We were here and we’re still here: the lingering effects of colonization
HAMILTON – Colonization has had lingering effects throughout the years and still makes an impact on indigenous communities and people today.
The McMaster Indigenous Student Community Alliance (MISCA) recognizes this and held a day-long conference on Monday, January 9 at McMaster University titled, the Effects of Colonization. Keynote speakers, indigenous and non-indigenous, shared their thoughts and opinions on various topics related to the effects of colonization.
Some of the speakers were Ryan Deshpande, Cody Looking Horse, Roxanne Miller, Phil Monture, Renee Thomas-Hill, Carolyn King and Don McLean. They spoke on land recognition; youth suicide; historical trauma; land claims and treaties; mental health and addictions; government control and first nations elected councils; and Looking Horse shared what he learned and experienced during his month-long stay at the Standing Rock pipeline protests in North Dakota.
“I don’t like to call ourselves protestors, because that’s not what we’re doing,” said Looking Horse. “We are Water Defenders and the kinds of things that the police are doing there are just wrong. I feel so sad for them [the police].”
The state is seeking to build a pipeline through the Standing Rock reservation and Water protectors are concerned that if the pipeline were to ever break that the spill would damage water sources for all near communities and cities. Recently production on the pipelines has been required to cease but some, like Looking Horse, feel as though drilling and progress is still taking place.
“They [the drillers] are all still there,” he said. “So it seems to a lot of us that they are still up to something.”
Renee Thomas-Hill, an elder who used to work with helping people overcome addictions and mental illness, spoke on that topic. She explained how almost all addictions — from bad habits to improper drug use — stem from the misuse of food.
“Usually when you help someone with an addiction to drugs or alcohol you would make them throw away their drugs and alcohol first and then start to rebuild from there. But the first thing I always do is teach an individual how to respect, cherish and honour their food properly,” said Thomas-Hill, who often goes by Grandma Renee.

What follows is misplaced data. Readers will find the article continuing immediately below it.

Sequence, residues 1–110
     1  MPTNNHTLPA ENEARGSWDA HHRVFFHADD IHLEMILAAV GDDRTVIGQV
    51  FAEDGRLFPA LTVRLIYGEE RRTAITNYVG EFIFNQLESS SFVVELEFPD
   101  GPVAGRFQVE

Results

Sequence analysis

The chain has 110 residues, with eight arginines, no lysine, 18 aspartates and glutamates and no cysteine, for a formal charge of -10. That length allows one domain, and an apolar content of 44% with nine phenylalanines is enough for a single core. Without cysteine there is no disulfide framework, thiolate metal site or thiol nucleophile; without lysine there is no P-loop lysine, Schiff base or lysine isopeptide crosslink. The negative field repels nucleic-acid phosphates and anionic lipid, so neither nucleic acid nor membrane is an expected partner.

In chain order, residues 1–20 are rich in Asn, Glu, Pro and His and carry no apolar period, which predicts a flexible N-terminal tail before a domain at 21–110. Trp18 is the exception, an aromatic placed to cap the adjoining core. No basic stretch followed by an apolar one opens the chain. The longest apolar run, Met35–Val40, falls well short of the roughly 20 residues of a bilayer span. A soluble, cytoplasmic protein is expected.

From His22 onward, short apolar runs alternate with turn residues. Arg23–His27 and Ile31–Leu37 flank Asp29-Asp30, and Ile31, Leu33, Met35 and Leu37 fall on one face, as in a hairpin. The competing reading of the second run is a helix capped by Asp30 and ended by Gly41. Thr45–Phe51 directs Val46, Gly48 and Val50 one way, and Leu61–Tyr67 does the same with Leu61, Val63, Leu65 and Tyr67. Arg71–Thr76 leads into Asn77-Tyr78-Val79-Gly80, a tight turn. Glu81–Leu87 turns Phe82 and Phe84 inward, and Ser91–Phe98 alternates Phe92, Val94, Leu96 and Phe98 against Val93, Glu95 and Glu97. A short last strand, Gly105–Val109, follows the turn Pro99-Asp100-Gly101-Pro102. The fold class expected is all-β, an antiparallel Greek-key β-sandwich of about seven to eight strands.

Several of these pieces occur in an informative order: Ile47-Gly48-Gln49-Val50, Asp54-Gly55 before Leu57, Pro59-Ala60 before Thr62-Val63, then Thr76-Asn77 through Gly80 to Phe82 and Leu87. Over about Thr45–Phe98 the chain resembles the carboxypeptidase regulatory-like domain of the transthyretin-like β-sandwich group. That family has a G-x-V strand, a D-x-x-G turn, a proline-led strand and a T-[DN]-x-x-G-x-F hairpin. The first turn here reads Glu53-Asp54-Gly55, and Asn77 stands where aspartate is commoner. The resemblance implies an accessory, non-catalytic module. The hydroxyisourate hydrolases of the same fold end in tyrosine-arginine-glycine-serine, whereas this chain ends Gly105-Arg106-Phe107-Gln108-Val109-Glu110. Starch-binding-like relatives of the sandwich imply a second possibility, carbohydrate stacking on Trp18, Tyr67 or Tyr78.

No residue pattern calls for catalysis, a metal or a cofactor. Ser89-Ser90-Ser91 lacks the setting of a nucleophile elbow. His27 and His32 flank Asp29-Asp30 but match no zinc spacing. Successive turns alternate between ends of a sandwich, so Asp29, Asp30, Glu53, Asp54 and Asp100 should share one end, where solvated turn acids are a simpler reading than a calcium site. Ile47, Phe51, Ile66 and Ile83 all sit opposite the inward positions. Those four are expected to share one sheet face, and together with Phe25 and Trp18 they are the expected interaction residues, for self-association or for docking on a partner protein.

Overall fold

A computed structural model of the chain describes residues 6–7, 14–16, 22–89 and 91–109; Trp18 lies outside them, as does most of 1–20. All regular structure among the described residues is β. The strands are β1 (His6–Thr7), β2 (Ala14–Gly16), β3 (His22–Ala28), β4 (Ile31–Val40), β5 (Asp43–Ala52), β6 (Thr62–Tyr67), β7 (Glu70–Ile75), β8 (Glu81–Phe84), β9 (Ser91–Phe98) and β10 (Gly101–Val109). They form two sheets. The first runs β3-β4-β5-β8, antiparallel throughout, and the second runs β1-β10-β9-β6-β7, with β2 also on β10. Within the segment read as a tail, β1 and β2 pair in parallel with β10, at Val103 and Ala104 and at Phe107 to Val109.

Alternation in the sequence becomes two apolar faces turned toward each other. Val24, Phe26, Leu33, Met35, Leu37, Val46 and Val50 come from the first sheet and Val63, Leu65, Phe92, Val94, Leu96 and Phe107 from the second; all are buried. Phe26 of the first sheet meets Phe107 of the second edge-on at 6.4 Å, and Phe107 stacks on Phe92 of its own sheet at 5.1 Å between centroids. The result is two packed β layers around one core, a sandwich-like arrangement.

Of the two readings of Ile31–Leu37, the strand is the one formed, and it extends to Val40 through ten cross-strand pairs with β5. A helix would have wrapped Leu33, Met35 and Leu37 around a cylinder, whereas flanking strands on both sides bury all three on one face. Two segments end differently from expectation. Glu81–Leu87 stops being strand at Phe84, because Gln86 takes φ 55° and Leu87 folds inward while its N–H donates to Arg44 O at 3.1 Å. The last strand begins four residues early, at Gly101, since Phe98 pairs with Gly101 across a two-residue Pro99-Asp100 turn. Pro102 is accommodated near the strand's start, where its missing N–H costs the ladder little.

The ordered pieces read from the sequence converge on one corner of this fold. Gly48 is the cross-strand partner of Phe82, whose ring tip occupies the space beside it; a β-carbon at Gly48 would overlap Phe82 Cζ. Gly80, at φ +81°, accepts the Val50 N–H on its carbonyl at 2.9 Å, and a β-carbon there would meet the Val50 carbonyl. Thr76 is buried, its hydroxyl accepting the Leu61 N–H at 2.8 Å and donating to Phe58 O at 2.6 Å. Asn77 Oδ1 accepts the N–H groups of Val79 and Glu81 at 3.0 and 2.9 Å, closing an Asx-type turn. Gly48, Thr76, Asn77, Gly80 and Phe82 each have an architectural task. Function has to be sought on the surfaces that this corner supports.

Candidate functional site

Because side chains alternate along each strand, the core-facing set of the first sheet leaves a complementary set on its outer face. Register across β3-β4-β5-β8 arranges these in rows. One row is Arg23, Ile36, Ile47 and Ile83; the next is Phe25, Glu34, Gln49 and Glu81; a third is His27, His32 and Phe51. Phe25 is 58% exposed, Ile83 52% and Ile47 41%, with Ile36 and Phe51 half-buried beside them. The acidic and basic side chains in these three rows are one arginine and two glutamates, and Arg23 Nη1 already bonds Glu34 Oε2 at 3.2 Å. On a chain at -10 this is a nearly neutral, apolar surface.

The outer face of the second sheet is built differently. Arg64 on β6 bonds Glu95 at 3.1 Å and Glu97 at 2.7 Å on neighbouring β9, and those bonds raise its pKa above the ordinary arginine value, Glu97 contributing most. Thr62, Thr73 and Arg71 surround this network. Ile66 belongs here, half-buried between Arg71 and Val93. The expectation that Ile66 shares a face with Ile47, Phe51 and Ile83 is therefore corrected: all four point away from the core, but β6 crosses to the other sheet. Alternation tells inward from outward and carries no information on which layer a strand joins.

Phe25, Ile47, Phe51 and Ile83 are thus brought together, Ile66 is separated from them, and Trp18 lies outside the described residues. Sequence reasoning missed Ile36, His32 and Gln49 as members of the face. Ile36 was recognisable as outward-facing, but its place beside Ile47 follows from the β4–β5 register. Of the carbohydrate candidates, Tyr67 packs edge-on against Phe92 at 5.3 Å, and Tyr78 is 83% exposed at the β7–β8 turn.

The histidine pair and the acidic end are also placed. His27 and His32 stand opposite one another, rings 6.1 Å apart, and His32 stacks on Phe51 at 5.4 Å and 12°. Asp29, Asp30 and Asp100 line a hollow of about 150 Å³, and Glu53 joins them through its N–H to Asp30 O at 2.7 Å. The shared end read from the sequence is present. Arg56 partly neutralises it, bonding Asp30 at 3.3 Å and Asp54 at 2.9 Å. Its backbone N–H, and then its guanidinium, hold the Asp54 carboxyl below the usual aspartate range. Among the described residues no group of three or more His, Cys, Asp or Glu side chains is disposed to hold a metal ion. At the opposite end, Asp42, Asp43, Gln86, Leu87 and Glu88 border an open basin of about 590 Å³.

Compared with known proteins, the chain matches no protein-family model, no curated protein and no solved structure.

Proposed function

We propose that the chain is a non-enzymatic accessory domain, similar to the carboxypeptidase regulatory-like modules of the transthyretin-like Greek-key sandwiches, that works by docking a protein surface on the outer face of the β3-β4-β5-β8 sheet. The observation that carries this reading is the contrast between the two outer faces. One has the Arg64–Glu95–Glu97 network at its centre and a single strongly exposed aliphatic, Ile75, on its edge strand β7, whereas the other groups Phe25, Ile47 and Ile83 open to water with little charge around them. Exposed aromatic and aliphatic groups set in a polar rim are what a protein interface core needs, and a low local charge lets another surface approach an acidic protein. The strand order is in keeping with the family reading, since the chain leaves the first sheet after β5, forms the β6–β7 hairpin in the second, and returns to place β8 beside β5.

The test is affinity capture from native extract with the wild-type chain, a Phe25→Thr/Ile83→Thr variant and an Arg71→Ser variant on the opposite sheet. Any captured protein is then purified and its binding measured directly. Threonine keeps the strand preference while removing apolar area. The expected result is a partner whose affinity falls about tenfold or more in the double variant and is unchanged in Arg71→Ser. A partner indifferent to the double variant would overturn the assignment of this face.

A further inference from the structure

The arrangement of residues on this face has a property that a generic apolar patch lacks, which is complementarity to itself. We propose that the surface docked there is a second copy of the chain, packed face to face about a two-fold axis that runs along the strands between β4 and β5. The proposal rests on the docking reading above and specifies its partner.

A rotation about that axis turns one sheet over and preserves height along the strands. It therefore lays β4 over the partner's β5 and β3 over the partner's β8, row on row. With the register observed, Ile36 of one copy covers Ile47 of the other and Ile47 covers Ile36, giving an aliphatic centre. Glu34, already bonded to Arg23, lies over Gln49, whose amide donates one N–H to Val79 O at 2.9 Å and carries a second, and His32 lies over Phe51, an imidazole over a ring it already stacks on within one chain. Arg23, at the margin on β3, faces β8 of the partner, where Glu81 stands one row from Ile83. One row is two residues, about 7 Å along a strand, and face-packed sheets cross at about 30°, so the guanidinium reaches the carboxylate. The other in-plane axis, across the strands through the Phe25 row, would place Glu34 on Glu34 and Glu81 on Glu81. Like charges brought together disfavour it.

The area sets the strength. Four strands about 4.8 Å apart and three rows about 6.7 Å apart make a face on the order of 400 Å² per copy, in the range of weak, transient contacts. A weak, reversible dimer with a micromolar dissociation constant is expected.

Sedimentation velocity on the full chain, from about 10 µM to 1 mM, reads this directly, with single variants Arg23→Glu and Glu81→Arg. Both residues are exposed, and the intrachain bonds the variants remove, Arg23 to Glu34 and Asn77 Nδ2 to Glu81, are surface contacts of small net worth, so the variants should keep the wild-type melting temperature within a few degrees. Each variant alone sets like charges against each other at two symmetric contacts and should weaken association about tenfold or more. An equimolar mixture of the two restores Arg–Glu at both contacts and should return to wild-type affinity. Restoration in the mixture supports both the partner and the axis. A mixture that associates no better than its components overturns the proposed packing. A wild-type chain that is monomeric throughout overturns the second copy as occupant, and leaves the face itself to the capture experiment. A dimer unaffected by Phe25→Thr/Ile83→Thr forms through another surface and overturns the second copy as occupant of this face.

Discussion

Grandma Renee said the food we eat, or are supposed to be eating, is sacred and should be treated as such.
“Food doesn’t have a nurturing feel to it anymore,” she said. “We eat just to eat and a lot of times it’s junk and we look for different things to fill that nurturing void a lot of us have. Those other things are often what lead us to unhealthy addictions. I always emphasize how important it is to fix your issues with food first, then we can work on what comes next.”
Carolyn King, former Chief of the Mississaugas of the New Credit First Nation, spoke on the elected council system of many indigenous territories and she also spoke a little on government control throughout the years.
“Even being an elected chief I knew exactly what I was. I was an instrument of the legislation and of the colonizers,” said King. “I didn’t like sitting at the political table at all but I knew that if we had the right individuals from our nations sitting at those tables that good things could being to get done.”
King was chief 16 years ago, from 1997 to 1999. Now she travels around a lot telling others about all the differences between the many different types of indigenous people groups on Turtle Island, also known as North America.
“Some people don’t know that there are different kinds of aboriginals in Canada,” she said. “Sometimes I call my little lesson ‘Indian 101’. It’s really important for people to know what and whose land they’re on.”
The speeches ended around 5 p.m. and the event was followed by a rally in continued support on Standing Rock.